First I had tour of Mûrs-Erigné in a 1961 Citroen that a neighbor had fixed up and wanted to show off. It was really cool and I got to see most of the village, which really is quite petit! Anyway, afterwards, I had an awesome introduction to French cuisine. I ate anchovy and caper pizza, a couple different patés (one of them made of wild bison, I think it was, and goat), ratatouille, special French sausages from the grill, and many other things that I didn't even recognize. After that was the cheese course, consisting of baguette and brie: c'est délicieux! Then of course was the dessert course. Again, I didn't know half of what I was eating but it was really good! I do know there was chocolate cake, flan pie, some different berry pies, Madeleine cookies and more. It was a lot like the dessert I eat in Switzerland with very little sugar and artificial sweetness and instead a little more savory or with tons of berries. For my first meal with my host family in the French countryside, it was both perfect and amazing!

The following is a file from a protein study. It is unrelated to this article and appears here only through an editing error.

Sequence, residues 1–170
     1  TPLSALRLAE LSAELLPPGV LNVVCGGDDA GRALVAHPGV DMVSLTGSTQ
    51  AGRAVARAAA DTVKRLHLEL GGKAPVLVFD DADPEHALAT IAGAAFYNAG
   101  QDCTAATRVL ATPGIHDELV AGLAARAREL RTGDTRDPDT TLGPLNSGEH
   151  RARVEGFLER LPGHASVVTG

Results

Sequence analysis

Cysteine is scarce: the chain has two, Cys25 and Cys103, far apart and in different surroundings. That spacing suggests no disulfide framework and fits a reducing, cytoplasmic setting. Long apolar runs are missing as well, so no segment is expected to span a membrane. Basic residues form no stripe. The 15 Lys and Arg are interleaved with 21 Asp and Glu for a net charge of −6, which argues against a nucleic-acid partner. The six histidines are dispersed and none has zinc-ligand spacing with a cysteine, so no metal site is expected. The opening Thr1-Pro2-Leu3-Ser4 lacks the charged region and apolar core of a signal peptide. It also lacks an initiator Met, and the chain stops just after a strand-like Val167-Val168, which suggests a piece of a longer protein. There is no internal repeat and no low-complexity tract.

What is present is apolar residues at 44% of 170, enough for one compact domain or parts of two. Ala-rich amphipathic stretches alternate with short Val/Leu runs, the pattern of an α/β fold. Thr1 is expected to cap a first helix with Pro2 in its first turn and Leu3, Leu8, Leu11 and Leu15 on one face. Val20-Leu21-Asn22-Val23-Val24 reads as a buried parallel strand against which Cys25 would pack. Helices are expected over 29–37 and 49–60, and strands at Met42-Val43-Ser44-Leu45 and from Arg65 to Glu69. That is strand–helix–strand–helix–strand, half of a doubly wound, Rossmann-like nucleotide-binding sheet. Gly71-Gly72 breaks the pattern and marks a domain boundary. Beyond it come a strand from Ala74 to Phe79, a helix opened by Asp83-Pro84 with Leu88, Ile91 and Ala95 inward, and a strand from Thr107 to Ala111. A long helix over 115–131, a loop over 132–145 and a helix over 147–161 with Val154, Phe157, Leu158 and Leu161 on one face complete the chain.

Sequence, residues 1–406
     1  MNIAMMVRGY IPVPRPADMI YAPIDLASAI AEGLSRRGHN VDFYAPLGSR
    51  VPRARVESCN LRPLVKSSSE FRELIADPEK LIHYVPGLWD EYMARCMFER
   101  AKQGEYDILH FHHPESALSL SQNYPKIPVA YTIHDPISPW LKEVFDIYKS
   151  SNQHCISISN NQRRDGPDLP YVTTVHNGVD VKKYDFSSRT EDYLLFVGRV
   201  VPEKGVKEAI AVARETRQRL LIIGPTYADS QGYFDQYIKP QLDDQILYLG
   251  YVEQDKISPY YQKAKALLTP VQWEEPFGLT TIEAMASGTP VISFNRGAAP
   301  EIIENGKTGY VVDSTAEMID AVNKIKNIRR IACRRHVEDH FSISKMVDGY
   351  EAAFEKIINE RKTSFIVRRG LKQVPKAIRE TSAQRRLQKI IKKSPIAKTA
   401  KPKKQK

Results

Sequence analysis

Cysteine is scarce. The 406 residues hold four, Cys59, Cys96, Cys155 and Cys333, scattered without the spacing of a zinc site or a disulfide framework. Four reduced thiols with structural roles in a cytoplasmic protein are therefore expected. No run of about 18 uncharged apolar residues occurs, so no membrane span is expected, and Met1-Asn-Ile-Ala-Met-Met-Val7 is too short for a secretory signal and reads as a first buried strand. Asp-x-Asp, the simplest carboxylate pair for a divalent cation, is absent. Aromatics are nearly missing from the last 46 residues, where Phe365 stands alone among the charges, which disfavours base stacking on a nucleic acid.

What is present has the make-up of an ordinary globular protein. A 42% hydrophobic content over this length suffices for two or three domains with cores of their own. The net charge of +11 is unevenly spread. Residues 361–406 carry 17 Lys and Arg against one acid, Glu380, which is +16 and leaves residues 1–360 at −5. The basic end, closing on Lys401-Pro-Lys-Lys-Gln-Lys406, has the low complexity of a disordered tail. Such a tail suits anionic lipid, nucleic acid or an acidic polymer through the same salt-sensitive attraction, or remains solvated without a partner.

Afterwards the adults played bocce or pétanque, as it's fondly called. Now this is nothing like the Americanized version or even the the Swiss play. It's an extremely competitive and serious game based upon skill and precision. The way they threw the ball, how much spin they would put on it, the tactics of how the ground and the texture of dirt or grass, all of these are factors that they include in their analysis. And whenever they are not sure who won, they have a special tape measure, just for the game!! It was kind of funny to see them take it so seriously, but for them it's a huge tradition. Speaking of traditions, before I forget, at this block party, which is also an annual tradition, held each year on the last Sunday of vacation before school, another tradition is upheld. This is the ownership of le poisson: yes, you translated that correctly; the fish. They have one of those plastic fish that's mounted and it sings at the touch of a button (yes, Mom Dad and Sammy, it's the same as Julia and Elliot's; same song same fish!). Each year they hold a lotto for the fish and whoever wins gets to keep it at home for the whole year. It's a odd and hilarious tradition but hey! Whatever makes them happy!